The promise of 100GbE, ratified nearly a decade ago, is now finding its way into the networks of today’s data centre deployments, with tomorrow’s 200GbE and 400GbE solutions waiting in the wings. Servers with 10GbE connections are being upgraded to more powerful servers that utilise 25, 50, 100, and even 200GbE connections. The 70 billion metres plus of wired legacy Cat5e / Cat6 backbone networks that support wireless access points are being upgraded from Gigabit Ethernet to 2.5 or 5GbE to support the higher bandwidth requirements of the next generation of WiFi. Ethernet standards are enabling network backbones using 10Mb/s Ethernet, 100Mb/s Ethernet, and Gigabit Ethernet in what will amount to hundreds of millions of vehicles in the next decade, making them ‘data centres on wheels.’
The next generation of Power-over-Ethernet is coming, as the latest Ethernet standard that enables up to 71.3 watts to be delivered to devices was ratified in September 2018.
The new era
The deployments above illustrate the realities of the diversity of the new Ethernet era – while there is an industry fascination with the latest ‘next’ speed of Ethernet, the simple reality is that that speed is dependent on what application space one is discussing. The next era of Ethernet is one consisting of myriad applications, ranging from DC all the way up to 400GbE.
These applications are also fundamentally different in nature. Data centre networks and server connections are essentially upgrading known application spaces, where the infrastructure may be upgraded if necessary. This is juxtaposed by the upgrade to the legacy infrastructure in place to support next generation WiFi, where there is a huge incentive to not change the underlying deployed Cat5e / Cat6 cabling in buildings. And then there are emerging application spaces, such as automotive Ethernet, which has the potential to have subsequent impacts on the supporting infrastructure to support autonomous driving and vehicle-tocloud communications.
If we shift our attention to Ethernet standards that are currently in development, we will find that the diversity of the Ethernet ecosystem is continuing to grow, and that there are further examples of new emerging application spaces. Let’s consider the IEEE P802.3cn project that is developing 50GbE, 200GbE and 400GbE solutions for 40km and 100GbE and 400GbE solutions for 80km over DWDM systems.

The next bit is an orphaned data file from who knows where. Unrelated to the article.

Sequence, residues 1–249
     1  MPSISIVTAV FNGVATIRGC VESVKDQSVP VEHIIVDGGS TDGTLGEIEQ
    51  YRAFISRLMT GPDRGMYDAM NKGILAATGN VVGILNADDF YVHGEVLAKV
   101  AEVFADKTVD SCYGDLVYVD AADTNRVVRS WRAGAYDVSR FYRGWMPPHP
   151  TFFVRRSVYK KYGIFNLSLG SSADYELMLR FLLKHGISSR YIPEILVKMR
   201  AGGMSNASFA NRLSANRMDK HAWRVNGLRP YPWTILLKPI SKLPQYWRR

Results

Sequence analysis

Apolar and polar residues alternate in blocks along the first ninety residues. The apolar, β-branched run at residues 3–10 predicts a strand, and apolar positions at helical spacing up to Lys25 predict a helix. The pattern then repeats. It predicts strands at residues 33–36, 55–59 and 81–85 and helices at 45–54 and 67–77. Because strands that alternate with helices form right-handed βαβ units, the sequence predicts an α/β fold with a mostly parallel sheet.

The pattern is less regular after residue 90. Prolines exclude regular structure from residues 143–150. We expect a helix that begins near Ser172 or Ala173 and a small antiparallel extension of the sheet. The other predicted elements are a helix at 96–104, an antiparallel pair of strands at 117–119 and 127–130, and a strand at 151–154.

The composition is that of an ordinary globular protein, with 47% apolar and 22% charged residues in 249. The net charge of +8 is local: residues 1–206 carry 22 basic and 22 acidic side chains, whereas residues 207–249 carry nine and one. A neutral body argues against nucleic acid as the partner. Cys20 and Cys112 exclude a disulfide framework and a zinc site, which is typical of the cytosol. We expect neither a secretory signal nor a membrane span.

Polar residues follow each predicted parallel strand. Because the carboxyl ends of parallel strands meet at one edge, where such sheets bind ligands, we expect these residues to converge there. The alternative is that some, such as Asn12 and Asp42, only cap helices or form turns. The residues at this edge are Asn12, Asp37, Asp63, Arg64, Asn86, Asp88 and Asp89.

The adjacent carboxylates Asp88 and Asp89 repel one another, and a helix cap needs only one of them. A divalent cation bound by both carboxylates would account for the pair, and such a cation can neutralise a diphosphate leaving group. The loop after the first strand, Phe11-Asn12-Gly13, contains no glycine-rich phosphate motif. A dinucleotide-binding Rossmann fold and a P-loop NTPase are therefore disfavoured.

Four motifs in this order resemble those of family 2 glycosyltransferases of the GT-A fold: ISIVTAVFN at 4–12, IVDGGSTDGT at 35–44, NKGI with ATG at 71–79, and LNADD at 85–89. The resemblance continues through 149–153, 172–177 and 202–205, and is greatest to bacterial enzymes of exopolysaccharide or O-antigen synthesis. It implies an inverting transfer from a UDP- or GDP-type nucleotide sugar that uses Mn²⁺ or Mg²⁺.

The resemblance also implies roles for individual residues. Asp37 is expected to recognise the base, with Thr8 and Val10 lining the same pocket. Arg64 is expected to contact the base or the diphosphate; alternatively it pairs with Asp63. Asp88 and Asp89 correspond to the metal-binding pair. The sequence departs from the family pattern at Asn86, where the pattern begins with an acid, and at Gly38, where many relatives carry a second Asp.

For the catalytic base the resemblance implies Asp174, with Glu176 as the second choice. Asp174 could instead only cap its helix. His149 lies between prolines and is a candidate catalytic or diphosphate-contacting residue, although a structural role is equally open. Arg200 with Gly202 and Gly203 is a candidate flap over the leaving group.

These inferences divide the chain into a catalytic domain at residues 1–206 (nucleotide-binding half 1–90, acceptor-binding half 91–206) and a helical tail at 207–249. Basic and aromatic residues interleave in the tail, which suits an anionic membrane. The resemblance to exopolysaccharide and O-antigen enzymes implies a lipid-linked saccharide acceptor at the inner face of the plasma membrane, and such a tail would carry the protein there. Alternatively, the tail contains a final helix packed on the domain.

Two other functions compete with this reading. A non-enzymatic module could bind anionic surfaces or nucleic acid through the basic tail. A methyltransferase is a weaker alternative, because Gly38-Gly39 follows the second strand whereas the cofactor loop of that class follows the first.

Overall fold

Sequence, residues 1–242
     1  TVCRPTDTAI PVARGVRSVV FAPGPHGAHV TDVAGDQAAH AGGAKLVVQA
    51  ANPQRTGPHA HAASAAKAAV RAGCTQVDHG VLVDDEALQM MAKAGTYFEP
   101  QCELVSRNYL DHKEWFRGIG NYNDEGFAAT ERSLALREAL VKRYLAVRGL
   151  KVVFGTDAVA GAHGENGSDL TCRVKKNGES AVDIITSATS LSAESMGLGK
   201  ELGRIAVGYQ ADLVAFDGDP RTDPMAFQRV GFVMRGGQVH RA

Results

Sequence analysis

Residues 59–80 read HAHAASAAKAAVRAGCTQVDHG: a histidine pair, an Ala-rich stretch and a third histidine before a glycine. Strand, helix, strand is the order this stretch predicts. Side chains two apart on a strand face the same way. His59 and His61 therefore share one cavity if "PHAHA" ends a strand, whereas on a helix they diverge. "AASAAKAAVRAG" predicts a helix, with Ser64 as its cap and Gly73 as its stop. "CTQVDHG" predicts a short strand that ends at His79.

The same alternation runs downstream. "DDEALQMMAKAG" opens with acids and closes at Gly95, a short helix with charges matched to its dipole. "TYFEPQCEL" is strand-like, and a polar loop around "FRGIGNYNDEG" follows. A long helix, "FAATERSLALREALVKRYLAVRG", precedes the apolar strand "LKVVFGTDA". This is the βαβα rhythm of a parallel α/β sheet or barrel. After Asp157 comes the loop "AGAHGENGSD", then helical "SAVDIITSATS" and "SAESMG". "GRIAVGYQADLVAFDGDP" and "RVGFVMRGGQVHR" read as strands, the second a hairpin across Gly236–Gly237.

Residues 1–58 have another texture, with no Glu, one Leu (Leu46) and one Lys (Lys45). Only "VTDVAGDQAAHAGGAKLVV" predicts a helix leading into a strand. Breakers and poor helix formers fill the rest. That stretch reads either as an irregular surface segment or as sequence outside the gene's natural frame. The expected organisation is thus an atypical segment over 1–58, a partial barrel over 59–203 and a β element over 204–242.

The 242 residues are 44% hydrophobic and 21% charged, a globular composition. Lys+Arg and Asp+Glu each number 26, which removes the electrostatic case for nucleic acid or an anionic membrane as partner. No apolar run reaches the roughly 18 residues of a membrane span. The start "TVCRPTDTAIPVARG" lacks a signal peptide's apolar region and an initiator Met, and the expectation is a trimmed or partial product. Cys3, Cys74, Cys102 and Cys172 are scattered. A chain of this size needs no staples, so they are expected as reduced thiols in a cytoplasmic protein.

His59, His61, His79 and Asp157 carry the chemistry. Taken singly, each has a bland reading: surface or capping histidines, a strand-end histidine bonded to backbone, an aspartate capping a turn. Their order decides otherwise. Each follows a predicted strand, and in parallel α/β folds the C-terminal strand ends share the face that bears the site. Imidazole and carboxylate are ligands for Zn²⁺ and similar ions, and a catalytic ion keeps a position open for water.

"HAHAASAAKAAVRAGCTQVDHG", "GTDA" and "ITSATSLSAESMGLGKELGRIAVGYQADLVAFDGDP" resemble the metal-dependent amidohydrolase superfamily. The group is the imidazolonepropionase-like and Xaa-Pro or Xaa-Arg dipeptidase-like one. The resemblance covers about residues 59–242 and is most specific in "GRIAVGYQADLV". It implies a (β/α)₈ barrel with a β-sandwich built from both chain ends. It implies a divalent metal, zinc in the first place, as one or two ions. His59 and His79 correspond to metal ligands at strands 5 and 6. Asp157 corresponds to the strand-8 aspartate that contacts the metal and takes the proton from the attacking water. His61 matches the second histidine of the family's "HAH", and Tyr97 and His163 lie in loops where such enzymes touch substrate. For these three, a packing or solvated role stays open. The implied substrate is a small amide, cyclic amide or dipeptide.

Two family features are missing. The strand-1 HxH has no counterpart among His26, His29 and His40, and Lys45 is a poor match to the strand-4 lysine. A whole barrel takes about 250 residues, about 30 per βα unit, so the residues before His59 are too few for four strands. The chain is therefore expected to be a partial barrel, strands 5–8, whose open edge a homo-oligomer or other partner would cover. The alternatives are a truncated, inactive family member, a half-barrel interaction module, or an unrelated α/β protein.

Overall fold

The 40km solutions will address mobile backhaul networks, in particular, in China. Initial data (Figure 1) on mobile networks presented during the project formation in 2017 highlights the impact of geographical diversity on bandwidth requirements. Given the near-term explosion of mobile network data in China, Ethernet solutions based on 50Gb/s PAM4 optical technology, developed as part of the recent ratified IEEE Std 802.3bs-2017 for 200GbE/400GbE, are being leveraged to quickly develop 40km solutions.
The 80km solutions, on the other hand, will target cable/multiple-system operator (MSO) networks, mobile backhaul networks, and data centre interconnect, having reaches greater than 40km or have limited fibre availability to support multiple instances of Ethernet over a DWDM system. This effort is targeting a reach never standardised by the IEEE 802.3 Ethernet Working Group, as well as over a DWDM system, which is also a new area. So, the noted diversity of Ethernet continues to expand. In 2012 the IEEE 802.3 Ethernet Working Group produced its first Ethernet Bandwidth Assessment. This assessment noted a simple equation to understand bandwidth explosions
This simple equation illustrates how any of these factors can cause a bandwidth explosion. In the case of the mobile network needs of China, it is easy to understand how the number of users, the growth of consumer video, and increasing mobile connectivity rates are combining to create the massive bandwidth explosion presented. This assessment also forecast that, on average, the bandwidth growth of networks would increase by a factor of 10 every five years between 2010 and 2020. This forecast was used to justify the development of 400GbE, in order for the Ethernet community to provide a solution to meet these forecasted bandwidth requirements.
With 400 Gigabit Ethernet ratified, the IEEE 802.3 Ethernet Working Group has begun work on its next bandwidth assessment. The effort will need to address the growing expansion of the Ethernet ecosystem with new applications and diversity. Furthermore, given the growing interconnectivity between these application spaces and solutions, it seems unlikely that such an assessment would develop the same simple forecast of 2012 to cover the entire spectrum of Ethernet applications. Instead, the various application spaces will need to be considered individually initially, and then pondered collectively in order to assess when the next rate of Ethernet will be necessary.
John D’Ambrosia is senior principal engineer at Futurewei, chair of the IEEE 802.3 New Ethernet Applications Ad hoc, and chairman of the Ethernet Alliance